Why the Inclusion in Cuba’s Constitution of Same-Sex Marriage Failed

By Alejandro Langape

Illustration by Yasser Castellanos

HAVANA TIMES – No, I’m not going to talk about the reasons why the Mambises didn’t win the first of our independence struggles. I just want to point out some arguments for why heated Article 68 in the new Constitutional Draft, which opened a door for same-sex marriage, soon became luke-warm Article 82 which defines marriage as a social and legal institution and a way to organize families.

It’s worth remembering that Article 68 sparked the most debate in neighborhood meetings to discuss the draft Constitution before the final draft was approved by the National Assembly to be put to referendum on February 24. And, it’s also worth pointing out the fact that it was written in mumbo jumbo.

On the one hand, the definition of marriage as the voluntary union agreed between two people seemed completely refreshing, which seemingly reflected a shift in mindsets that would put Cuban society on the same level as Spain or Argentina. However, it was hard for a good number of Cubans to accept this and they immediately voiced their disagreement with passing a Constitution they found too transgressive in this aspect.

Yet, the rest of the article was the complete opposite, considering marriage to be the first implicit step towards making a home and a family. A mix of modernity and conventionalism which blew up because churches rejected it outright (especially the Evangelical churches), whose doors were plastered with posters that preached “Family like God created it”, showing the idyllic image of a mother and father walking with their children (a classic of advertisements in the ‘50s and ‘60s) and the prevalence of exclusive heteronormative behaviors. 

Not even President Diaz-Canel’s support, expressed in an interview on TeleSur, or CENESEX, led by Mariela Castro Espin, could counterattack this rejection, and faced with the threat of a large NO vote in the constitutional referendum, they took a step back.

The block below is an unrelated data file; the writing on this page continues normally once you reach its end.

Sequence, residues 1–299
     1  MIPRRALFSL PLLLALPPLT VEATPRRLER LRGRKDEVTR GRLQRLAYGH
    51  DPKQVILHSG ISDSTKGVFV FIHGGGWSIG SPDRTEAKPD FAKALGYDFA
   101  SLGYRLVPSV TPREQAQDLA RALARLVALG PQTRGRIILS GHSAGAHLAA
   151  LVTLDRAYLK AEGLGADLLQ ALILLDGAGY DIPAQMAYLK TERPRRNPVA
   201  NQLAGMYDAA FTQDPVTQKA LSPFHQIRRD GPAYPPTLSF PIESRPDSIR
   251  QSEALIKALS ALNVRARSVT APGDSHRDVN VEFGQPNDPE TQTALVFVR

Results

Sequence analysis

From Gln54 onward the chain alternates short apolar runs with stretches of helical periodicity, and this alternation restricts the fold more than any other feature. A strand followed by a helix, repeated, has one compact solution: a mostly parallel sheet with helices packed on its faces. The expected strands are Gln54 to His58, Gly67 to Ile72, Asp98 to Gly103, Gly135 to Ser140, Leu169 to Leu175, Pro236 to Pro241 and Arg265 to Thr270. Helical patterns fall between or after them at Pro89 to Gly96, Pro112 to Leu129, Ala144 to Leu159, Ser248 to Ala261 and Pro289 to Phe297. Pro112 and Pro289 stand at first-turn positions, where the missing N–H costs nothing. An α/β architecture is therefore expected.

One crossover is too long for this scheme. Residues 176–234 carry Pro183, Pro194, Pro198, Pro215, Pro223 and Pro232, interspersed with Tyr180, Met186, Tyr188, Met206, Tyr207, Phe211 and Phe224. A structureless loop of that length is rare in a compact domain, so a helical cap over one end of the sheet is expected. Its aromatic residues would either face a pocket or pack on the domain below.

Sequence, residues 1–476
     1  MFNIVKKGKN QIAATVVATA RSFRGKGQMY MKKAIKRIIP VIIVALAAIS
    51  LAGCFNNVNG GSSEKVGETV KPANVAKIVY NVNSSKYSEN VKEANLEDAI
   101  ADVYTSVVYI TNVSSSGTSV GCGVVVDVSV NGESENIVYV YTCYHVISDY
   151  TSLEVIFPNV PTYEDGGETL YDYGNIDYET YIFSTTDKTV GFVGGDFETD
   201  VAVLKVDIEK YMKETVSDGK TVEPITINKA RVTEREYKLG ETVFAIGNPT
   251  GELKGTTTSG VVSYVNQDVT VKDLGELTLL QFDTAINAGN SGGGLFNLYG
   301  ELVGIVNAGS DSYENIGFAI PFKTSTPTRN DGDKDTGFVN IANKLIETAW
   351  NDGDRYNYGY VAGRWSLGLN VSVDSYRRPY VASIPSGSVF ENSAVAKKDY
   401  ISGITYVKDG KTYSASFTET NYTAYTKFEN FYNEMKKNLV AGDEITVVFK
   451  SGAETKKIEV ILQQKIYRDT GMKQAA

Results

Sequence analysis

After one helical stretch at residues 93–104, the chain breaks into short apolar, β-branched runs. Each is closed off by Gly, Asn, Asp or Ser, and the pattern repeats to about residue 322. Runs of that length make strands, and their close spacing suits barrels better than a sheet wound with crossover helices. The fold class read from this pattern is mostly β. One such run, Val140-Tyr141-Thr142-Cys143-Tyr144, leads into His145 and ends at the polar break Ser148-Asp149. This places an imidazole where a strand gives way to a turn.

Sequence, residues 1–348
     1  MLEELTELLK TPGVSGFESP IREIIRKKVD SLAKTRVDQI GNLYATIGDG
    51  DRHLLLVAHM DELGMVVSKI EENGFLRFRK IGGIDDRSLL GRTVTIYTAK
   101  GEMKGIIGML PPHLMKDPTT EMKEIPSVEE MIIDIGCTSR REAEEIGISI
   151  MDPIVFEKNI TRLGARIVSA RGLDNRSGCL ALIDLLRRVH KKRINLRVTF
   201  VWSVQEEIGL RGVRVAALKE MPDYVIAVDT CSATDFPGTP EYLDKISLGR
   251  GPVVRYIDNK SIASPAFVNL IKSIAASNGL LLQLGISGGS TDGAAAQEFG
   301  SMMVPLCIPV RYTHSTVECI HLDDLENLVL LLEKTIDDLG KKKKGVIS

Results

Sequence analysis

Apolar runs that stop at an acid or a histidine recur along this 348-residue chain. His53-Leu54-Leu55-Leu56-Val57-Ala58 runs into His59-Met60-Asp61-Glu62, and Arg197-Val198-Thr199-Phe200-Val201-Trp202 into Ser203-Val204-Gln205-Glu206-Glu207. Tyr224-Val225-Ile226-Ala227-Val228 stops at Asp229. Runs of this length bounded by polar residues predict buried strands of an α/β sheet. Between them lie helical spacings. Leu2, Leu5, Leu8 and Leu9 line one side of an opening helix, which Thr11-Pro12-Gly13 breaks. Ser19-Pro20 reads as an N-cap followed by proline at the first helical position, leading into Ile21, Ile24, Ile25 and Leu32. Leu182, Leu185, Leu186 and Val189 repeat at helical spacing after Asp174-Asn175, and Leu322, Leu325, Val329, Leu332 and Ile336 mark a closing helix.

But, something else became clear (at least in my eyes), as well as the National Assembly’s ambivalent position who had given the article a green light months beforehand: the fact that Cuban society wasn’t prepared enough to accept this proposal.

In reflections that circulated on social media in September last year, the Archbishop of Camaguey defended the option of legal unions (which recognize some rights of marriage) between same-sex couples instead of marriage, and gave examples of other countries where this already happens. 

Over 15 years ago, in Extramuros magazine, National Literature Prize winner Reynaldo Gonzalez told the story about a long-term couple of two gay Spanish men who had adopted a boy from El Salvador, who didn’t show any signs of being homosexual. Gonzalez then spoke about legal unions, which was recognized in Spain, as an acceptable alternative to marriage.

This story shattered two great myths: that non-heterosexuals are promiscuous by nature and incapable of having a steady long-term relationship and, more importantly, that children of gay couples end up becoming homosexuals themselves (a myth which has no grounds whatsoever given the fact that families all over the world, except for very few exceptions, bring up their children as heterosexuals).